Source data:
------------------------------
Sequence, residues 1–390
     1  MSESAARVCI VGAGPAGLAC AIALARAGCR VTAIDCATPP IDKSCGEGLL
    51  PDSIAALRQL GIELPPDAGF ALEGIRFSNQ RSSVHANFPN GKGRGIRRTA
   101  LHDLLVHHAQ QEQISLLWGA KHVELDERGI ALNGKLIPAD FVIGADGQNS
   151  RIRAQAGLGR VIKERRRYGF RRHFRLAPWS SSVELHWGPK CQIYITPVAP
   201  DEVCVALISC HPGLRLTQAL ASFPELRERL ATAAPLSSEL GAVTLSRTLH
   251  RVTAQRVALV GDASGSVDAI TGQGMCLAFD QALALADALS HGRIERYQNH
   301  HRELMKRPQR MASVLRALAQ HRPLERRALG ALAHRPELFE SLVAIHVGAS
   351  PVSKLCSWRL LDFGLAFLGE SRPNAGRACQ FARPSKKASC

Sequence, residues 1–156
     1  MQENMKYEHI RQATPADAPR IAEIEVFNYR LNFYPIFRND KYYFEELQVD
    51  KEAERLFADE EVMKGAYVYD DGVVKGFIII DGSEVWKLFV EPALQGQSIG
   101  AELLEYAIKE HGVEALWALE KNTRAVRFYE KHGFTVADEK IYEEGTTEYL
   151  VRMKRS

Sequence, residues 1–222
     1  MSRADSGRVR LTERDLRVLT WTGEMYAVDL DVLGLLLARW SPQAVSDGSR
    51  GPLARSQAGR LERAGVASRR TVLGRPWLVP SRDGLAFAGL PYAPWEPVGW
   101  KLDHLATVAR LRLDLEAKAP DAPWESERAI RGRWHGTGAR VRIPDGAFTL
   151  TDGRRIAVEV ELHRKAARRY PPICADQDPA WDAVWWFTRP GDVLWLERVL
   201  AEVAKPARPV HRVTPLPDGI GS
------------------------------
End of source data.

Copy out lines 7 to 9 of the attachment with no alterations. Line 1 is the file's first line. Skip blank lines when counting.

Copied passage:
   251  RVTAQRVALV GDASGSVDAI TGQGMCLAFD QALALADALS HGRIERYQNH
   301  HRELMKRPQR MASVLRALAQ HRPLERRALG ALAHRPELFE SLVAIHVGAS
   351  PVSKLCSWRL LDFGLAFLGE SRPNAGRACQ FARPSKKASC